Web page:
The special teams was near-disaster and plainly awful Saturday, but one of the bright and level-headed points – and defining moment of punter Will Mahan's season – came after a bad snap.
Chasing the ball back toward his own end zone, instead of trying to scoop it up and get off a punt, Mahan flipped the ball out of bounds for a safety – saving the Huskies from early disaster.
Three days later, back on one of the practice fields in Seattle, Mahan was finishing up a punting drill – one he actually got to boot the ball high and far. On his last attempt, he planted his left leg awkwardly, and something popped in his left knee.
On Wednesday, wearing a white beanie hat and taking in practice alone on crutches, it was obvious Mahan's season was finished.
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Afterward, UW coach Steve Sarkisian announced that Mahan had torn two ligaments in that knee.
"He'll be having surgery in a week or two, depending on the swelling and how that goes down," Sarkisian said. "It's unfortunate. It was a routine drill – a drill we do every day, and it was actually the last punt of the day for him. Kind of a freak accident."
The job now falls to walkon Kiel Rasp, who had academic issues and was off the team last spring and the first week of fall camp.
Rasp, of nearby Nathan Hale High School, rejoined the team early in training camp, and traveled with the Huskies to BYU.
"He's got a great leg, and he's been terrific all training camp," Sarkisian said. "The key is to go into a game, catch a ball and punt it, which he's never had to do. Sooner or later, we all have to go out there and experience, and go do it. He's given us all the confidence that he can do that. If we didn't think so, we'd have somebody else doing it. I have all the confidence he can get it done."
But, wait – as is the case with Sarkisian sometimes – something else came out of Mahan's unfortunate circumstance.
Rasp's leg, on occasion, sends booming punts skyward. At times, he also has no idea where they're going.
Often enough, his punts don't spiral. They duck and roll.
So … a contingency plan?
Yep, the second-year coach admitted.
"We'll kind of keep that in our back pocket," Sarkisian said. "It's not a kicker."
• Doesn't sound like running back Johri Fogerson (upper leg) will be available Saturday against Syracuse – as the No. 3 tailback or the backup punt returner to Devin Aguilar. That duty will shift to true freshman Jesse Callier, who was in for an expanded workload anyway this week.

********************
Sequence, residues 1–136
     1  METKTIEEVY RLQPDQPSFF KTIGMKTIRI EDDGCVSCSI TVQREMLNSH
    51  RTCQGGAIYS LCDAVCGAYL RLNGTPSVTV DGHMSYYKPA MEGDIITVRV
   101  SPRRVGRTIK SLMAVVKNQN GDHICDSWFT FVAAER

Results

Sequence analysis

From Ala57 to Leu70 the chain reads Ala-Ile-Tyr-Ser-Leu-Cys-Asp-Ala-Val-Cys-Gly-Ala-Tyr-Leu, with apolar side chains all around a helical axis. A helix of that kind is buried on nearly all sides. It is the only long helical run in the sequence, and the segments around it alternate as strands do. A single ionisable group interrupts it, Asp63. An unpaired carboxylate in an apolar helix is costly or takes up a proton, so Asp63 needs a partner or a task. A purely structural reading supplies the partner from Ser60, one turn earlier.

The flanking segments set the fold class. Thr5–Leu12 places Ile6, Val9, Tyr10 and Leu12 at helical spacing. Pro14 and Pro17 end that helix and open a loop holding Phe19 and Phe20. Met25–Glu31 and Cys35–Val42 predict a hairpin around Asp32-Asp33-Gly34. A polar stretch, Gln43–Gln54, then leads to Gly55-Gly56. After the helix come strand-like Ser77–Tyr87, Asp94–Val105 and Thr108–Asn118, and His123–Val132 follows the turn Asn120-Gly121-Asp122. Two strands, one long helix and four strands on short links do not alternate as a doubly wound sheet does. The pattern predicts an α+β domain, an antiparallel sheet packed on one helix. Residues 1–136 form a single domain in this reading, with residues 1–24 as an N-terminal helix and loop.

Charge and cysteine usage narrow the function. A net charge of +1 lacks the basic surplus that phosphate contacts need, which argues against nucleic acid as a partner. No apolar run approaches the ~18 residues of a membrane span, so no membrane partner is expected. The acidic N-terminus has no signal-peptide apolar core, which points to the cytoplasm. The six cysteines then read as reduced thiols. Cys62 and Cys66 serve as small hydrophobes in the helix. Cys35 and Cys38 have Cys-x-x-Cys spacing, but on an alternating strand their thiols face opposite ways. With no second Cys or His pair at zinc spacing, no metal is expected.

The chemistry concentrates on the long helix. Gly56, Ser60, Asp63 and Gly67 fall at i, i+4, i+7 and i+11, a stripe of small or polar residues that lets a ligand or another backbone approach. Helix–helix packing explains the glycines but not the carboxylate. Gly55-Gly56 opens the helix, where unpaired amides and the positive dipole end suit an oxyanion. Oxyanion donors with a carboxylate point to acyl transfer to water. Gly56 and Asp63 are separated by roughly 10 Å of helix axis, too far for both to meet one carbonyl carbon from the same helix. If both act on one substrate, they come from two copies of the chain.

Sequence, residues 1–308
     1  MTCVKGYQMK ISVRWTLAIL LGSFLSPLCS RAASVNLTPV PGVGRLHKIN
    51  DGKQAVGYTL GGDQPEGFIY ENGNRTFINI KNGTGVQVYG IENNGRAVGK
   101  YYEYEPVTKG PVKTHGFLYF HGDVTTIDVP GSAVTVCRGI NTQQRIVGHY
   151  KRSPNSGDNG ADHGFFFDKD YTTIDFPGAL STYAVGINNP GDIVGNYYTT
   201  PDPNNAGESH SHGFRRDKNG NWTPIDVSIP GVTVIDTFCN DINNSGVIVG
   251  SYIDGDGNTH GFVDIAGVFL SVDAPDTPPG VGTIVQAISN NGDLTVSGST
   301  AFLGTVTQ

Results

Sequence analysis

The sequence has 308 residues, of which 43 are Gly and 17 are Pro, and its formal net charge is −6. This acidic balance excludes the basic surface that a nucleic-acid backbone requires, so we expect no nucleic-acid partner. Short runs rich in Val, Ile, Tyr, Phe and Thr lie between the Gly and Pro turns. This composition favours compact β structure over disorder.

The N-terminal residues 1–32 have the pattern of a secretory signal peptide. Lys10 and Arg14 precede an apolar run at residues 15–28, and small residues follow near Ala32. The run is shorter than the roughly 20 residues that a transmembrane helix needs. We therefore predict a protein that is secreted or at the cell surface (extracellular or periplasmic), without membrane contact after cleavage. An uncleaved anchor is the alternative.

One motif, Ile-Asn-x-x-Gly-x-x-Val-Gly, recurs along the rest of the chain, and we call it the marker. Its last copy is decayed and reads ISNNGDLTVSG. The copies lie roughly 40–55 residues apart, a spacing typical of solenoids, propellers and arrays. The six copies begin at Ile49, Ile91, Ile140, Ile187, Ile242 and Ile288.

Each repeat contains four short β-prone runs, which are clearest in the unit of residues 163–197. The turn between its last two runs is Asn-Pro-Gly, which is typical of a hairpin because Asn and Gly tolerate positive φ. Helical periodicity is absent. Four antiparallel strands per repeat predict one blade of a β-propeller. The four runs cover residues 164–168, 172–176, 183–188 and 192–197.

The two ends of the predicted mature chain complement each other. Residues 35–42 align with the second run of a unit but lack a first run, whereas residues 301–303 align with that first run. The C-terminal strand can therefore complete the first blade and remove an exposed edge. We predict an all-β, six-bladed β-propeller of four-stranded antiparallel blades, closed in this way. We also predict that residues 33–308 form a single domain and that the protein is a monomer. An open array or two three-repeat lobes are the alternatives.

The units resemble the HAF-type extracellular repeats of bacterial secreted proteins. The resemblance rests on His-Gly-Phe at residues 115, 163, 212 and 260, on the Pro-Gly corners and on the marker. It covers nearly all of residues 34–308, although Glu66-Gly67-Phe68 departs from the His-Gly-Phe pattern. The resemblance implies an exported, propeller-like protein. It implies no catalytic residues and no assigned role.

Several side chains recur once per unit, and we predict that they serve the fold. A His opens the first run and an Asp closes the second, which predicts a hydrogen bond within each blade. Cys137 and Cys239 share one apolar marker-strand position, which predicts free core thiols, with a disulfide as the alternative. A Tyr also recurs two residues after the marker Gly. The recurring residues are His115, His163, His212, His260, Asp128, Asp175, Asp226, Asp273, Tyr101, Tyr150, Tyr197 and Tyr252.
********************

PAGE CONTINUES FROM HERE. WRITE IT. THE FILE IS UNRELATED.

A hip flexor strain, suffered in practice Tuesday, has also affected his quadriceps.
"There's no explosiveness at all," Sarkisian said. "We're trying to get it treated as quickly as we can, but I would put him really doubtful for Saturday."
• Safety Taz Stevenson has done limited work with the scout team as a running back, and cornerback Anthony Boyles, who was left off the travel roster for BYU, played some receiver in the same setting.
The moves are more in case of emergency than made permanent.
"Just trying some guys at some different spots, just to make sure we're versatile enough, especially when we get into conference play when our travel numbers get limited … to 70 players," Sarkisian said. "We're just trying to make sure guys, in case of some injuries … can fill in at different spots."
• Bell rung? Ask receiver Jordan Polk how he felt after his first play Saturday – a 25-yard catch late in the first half that set up Erik Folk's career-long 54-yard field goal.
"I was a little woozy, but it was nothing," Polk said.
Welcome to 2010.
• On Monday, Sarksian harped on the play, and specifically the miscommunication among his offensive linemen – enough that he has true freshmen Erik Kohler and Colin Porter taking more snaps with the No. 1 blocking unit.
The coach said the team is trying a new approach.
"I've been analyzing that myself here. I recognize the fact that I'm talking about it. I think ultimately you can be physical when you know what you're doing, and you're on the same page with the guy next to you. I think that's something that is key. As much as I want our guys just to fire off the football, be physical and knock guys around and butting heads and all that stuff – we need to work together," he said.
"That's been a big point of emphasis of mine now since looking at the film Sunday, and coming back and going to work Monday – I just want us on the same page, and if we're all on the same page, guys, then it's time to really fire off. If that doesn't worked, then we'll get it fixed. But if you're unsure and hesitant, then you're not firing off, then you can't be physical.
"I think we're taking a little bit of a different approach to it that way – maybe a little bit of a cerebral approach – but one I think they're responding to. I've really seen it out of the guys here in the last two days – Tuesday and Wednesday of padded practices – I thought really our (No.) 1 and 2 O-lines have really fired off the football better. Part of that is they're listening to the call, and just doing it together. We might not be right all the time, but when we're right, we should be more explosive than we've been."
Translation? Wait and see.
• In an effort to adjust to traveling three time zones for a college game, Syracuse is heading out to Seattle on Thursday, and not on a normal day-before schedule.
"It's a great idea," said Orange cornerback Mike Holmes." Coach (Doug) Marrone is trying to put us in the best possible position and advantage to win this game. Getting our bodies used to the time change, and are biological clocks reset is good."